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UK and India ramp up Myanmar oil and gas interest

Myanmar's efforts to boost its global attractiveness to companies looking to exploit its estimated 50 million barrels of oil and 280 billion cubic metres of natural gas have taken another step forward with the announcement of new production sharing agreements with Indian and UK representatives.

After the state announced that it was opening up new exploration blocks in addition to the 40 it has awarded to oil giants including Total, Shell and Chevron, it was expected that further sector announcements would not be made until 2015, yet the Ministry of Energy’s Myanma Oil and Gas Enterprise (MOGE) has revealed that new production sharing agreements have now been signed by UK and Indian companies.

UK interest

Firstly, UK-based Ophir announced a new contract which finalises the award of Block AD-03, which is located in the Rakhine Basin offshore Myanmar, and in which Ophir already has a 95 per cent operated interest.

MOGE received a US$6.5 million signing bonus and $1.26 million as a data fee, with the companies spending $258.3 million on a one-year observation period and six months exploration period for the block, which is approximately 10,000 sq km in size and is on trend with the multi-TCF producing Shwe gas field.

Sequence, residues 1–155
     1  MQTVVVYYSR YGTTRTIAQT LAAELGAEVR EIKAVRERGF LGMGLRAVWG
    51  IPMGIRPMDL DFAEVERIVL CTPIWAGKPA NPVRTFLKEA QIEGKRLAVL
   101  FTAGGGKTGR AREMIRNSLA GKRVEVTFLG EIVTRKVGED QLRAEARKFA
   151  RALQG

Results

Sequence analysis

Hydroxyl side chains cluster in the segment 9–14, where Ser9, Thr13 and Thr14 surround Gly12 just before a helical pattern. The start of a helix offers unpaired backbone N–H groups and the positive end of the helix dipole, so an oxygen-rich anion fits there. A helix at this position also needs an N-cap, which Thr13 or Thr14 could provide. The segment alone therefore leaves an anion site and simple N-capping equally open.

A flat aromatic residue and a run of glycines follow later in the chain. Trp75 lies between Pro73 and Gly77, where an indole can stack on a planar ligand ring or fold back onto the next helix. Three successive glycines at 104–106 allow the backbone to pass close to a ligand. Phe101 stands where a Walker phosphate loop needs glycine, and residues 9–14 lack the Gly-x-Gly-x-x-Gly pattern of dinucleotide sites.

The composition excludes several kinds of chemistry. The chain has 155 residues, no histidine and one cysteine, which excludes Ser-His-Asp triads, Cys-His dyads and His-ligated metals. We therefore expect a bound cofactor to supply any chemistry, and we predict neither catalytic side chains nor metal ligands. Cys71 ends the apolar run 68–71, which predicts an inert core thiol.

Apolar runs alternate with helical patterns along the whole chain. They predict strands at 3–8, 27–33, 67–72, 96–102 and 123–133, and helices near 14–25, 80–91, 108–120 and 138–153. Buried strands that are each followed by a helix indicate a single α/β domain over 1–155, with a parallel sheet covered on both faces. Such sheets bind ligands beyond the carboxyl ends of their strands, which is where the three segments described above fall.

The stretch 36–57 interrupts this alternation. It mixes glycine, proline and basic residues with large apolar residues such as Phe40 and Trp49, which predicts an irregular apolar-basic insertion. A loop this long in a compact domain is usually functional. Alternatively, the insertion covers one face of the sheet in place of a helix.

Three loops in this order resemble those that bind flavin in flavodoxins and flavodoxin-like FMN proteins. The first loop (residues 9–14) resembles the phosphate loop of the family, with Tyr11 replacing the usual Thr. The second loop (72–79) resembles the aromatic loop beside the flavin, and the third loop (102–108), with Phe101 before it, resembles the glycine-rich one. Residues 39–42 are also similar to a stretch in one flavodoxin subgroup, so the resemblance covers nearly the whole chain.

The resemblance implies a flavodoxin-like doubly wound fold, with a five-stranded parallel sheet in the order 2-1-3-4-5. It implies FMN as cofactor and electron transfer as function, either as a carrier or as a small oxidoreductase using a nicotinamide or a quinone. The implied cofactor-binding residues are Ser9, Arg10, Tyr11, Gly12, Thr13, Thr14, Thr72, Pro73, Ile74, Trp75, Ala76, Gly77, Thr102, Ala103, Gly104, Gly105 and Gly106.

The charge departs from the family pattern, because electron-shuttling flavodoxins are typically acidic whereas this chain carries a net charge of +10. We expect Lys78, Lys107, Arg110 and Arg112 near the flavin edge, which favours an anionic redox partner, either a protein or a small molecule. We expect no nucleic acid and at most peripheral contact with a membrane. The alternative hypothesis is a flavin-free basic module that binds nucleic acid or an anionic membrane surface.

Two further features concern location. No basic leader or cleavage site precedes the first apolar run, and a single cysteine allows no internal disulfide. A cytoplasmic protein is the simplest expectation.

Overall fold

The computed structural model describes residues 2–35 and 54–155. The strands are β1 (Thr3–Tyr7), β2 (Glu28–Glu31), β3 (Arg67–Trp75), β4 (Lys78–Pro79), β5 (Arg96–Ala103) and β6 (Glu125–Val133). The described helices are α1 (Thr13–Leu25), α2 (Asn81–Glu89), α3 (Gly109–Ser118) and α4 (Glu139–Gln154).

As part of the initial exploration period, Ophir will re-process existing 2D seismic data and acquire new 3D seismic data, revealed chief executive Nick Cooper.

He added: "Ophir is continuing to act counter cyclically to expand its exploration portfolio. The Block AD-03 PSC contains multiple mapped prospects with world-class potential and we now look forward to completing a 3D seismic survey to refine this prospectivity."

Indian investment

Meanwhile, a new contract has been signed for blocks M-4 and YEB by a consortium involving Mercator Petroleum, Oil India, OilMax Energy Pvt Ltd and Oil Star Management Service Co.

The two oil and gas blocks, which are located in shallow waters, cover approximately 10,380 sq km and 21,297 sq km respectively, with Oil India set to be the designated operator of both.

Mercator has a 25 per cent participating interest in both the blocks, with MOGE receiving a $6 million signing bonus and $20,000 as a data fee, and the company spending around $120.9 million on a one-year observation period and a six-month exploration period for the two blocks.

Another key part of the agreement will be foreign companies conducting environmental and social impact assessments for the blocks; something which Myanmar hopes to apply to all companies operating within its borders.

The development is the latest indication that Myanmar shows no signs of slowing down as it aims to draw in new interest and investment and help to stimulate the upward curve of its oil and gas industry and untapped reserves in the coming years.

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